For those who are not as savvy or don't have lots of money to throw at the wall, I suggest either getting rid of lapel mics and substituting them for over the ear Countryman E6 style mics ( there are more affordable versions out there ), or going to a more classic podium mic setup. If you can't get the gain you need with a more conventional podium mic setup, then you need to lean on the presenter to help better your odds. They will need to simply eat the mic a little more. If that doesn't help then it is more than evident that it is operator error.

Take some time and work out your NAG and PAG calculations. If your PAG is greater than your NAG then you should have no problems. Her eis one from Shure: http://www.shure.com/americas/pagnag

Report back after you know what that compressor is doing in the system and what your typical setup entails such as mics and speaker position in relation to the mic / presenter. Also do you have ANY kind of EQ for the main PA? We need info.
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Keith Broughton

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Re: Gain Problems
« Reply #5 on: November 05, 2017, 03:24:02 pm »

I am confused.
The OP claims less output on almost all the CHANNELS of his system which implies the console but then wants to adjust the SYSTEM compressor.
Take out the 266 and remove all processing on the console channels and see what happens.
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Stephen Swaffer

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Re: Gain Problems
« Reply #6 on: November 05, 2017, 09:25:52 pm »

My first question is what has changed (been changed?) to cause the reduction in gain?

The OP seems to indicate a gradual reduction over time.  If someone is tweaking EQ's constantly trying to reduce feedback, eventually it's going to be detrimental.

Whatever has changed is causing the problem.  The root cause could be whatever caused those changes to be made-probably room acoustics, , mic/speaker placement, etc.  Typical issues with a lot of churches.  Simply adding/tweaking more processing without understanding why the gain has been reduced is just going to complicate the issue.
« Last Edit: November 06, 2017, 11:07:15 pm by Stephen Swaffer »
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Steve Swaffer

Ivan Beaver

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Re: Gain Problems
« Reply #7 on: November 06, 2017, 07:43:37 am »

My first question is what has changed (been changed?) to cause the reduction in gain?

The OP seems to indicate a gradual reduction over time.  If someone is tweaking EQ's constantly trying to reduce feedback, eventually it's goong to be detrimental.


Agreed.  You can't keep digging a hole and expect it to stay the same.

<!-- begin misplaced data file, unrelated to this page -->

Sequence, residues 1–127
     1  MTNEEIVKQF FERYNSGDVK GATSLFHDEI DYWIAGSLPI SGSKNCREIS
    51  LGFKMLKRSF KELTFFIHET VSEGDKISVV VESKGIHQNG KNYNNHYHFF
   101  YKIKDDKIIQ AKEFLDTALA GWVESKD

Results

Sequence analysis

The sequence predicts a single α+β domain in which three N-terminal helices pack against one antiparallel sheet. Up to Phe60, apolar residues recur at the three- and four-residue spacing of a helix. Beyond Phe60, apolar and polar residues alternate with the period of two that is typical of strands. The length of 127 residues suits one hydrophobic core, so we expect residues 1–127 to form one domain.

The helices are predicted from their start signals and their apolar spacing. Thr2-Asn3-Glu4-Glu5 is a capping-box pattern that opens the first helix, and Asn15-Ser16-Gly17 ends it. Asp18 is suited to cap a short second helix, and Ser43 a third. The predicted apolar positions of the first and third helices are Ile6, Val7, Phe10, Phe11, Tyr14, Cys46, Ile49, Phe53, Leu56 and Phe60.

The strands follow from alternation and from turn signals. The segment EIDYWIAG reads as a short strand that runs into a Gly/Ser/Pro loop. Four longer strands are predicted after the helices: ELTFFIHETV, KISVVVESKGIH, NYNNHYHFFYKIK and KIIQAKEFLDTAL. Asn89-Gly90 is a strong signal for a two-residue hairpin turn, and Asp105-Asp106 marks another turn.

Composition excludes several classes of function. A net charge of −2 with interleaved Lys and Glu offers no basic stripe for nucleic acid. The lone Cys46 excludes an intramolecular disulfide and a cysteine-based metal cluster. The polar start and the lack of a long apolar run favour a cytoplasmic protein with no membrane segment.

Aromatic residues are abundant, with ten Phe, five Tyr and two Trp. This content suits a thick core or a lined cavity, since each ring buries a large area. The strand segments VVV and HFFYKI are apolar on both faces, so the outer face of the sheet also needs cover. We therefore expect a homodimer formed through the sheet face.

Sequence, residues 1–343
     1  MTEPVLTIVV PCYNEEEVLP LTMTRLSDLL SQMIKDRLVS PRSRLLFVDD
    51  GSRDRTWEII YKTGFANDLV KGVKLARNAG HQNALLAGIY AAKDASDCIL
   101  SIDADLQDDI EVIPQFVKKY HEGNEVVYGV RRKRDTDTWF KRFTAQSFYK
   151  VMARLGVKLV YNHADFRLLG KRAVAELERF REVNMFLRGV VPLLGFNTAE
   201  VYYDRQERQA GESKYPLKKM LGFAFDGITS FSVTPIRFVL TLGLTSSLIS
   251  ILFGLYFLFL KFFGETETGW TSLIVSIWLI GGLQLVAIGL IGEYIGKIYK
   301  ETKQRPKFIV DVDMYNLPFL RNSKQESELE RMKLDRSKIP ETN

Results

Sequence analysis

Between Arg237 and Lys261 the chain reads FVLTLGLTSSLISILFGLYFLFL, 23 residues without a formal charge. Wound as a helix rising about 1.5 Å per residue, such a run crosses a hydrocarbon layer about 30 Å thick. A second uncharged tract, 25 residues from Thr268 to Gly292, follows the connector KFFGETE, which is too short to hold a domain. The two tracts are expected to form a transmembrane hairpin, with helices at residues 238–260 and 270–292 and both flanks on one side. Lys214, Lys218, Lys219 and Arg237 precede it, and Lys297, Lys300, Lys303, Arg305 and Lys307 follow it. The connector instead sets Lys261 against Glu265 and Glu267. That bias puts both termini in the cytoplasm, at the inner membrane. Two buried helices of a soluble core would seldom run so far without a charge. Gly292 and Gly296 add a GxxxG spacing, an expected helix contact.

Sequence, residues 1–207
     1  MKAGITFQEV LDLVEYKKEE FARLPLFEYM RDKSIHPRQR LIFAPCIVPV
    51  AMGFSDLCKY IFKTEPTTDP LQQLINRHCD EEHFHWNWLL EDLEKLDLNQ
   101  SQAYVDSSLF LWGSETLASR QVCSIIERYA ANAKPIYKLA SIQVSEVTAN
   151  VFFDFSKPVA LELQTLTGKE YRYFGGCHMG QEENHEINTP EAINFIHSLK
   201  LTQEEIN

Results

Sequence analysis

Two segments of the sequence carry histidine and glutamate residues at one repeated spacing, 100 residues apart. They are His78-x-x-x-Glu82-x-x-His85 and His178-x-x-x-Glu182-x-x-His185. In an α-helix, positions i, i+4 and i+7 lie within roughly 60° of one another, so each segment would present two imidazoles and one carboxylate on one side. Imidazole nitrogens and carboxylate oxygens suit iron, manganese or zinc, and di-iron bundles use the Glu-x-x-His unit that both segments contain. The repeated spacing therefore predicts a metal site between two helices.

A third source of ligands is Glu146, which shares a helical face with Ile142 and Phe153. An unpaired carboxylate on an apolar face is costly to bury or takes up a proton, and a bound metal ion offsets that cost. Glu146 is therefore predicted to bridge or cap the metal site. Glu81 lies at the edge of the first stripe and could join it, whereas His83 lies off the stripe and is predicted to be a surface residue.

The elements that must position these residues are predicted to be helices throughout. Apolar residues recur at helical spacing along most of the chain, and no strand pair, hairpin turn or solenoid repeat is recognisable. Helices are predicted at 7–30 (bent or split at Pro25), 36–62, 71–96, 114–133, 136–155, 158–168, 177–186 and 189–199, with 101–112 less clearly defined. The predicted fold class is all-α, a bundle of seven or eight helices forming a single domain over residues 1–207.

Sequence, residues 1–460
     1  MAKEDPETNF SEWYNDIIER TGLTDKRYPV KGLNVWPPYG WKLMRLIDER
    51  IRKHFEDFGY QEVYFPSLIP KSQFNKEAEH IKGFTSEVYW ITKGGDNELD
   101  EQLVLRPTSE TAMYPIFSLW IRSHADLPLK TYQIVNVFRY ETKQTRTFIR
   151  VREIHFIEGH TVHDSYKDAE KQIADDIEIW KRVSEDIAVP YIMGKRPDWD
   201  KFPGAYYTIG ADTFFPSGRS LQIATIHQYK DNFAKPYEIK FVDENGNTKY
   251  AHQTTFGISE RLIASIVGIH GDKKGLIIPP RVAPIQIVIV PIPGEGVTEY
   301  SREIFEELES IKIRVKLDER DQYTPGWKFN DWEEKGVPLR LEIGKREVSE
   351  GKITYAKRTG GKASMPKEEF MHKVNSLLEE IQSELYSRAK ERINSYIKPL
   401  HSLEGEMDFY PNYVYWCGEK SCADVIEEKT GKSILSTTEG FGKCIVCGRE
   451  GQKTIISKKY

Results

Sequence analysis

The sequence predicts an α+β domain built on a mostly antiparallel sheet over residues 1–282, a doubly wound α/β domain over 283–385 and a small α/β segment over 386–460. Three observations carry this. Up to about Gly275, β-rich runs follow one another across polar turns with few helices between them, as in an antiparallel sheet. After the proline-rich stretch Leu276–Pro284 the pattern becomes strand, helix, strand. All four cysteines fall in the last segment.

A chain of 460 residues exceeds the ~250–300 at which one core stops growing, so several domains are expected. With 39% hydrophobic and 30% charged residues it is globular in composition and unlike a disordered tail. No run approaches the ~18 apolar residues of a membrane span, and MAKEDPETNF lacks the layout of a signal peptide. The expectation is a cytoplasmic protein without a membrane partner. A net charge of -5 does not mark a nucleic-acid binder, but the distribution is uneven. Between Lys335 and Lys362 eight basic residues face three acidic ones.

In many cases, people simply "over eq" to the point that all they have done is reduce the gain-and screw up the sound quality.
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Ivan Beaver
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Ivan Beaver

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Re: Gain Problems
« Reply #8 on: November 06, 2017, 07:47:49 am »


Take out the 266 and remove all processing on the console channels and see what happens.
I can't tell you how many times I have "magically fixed" the sound system simply by bypassing all the crap people have installed/adjusted.

Today, it seems to be all the rage for "toys" hoping they will fix things that the operator has no idea what the actual cause is.

The KEY is understanding what you are doing, what you want and the tools available.

THEN you have a chance of actually fixing it  But simply "adjusting knobs and pushing buttons" IS NOT the way to operate a sound system.

Every action needs to be deliberate and with purpose, and knowing what is expected from that action.  If not, it is simply guesswork.

Yes most systems are simply adjusted based on guesswork-truly sad :'( :'( :'(
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A complex question is easily answered by a simple-easy to understand WRONG answer!

Ivan Beaver
Danley Sound Labs

PHYSICS- NOT FADS!

Tim Barber

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Re: Gain Problems
« Reply #9 on: November 06, 2017, 12:48:03 pm »

What Ivan said. When I took over my current church's sound system, I found a Sabine feedback suppressor, that nobody understood and had literally not been touched for years, patched across LR. It had so many notch filters set that not only did everything sound like crap, there was noticeable overall gain reduction. The single biggest "upgrade" I did to that system was bypassing the Sabine.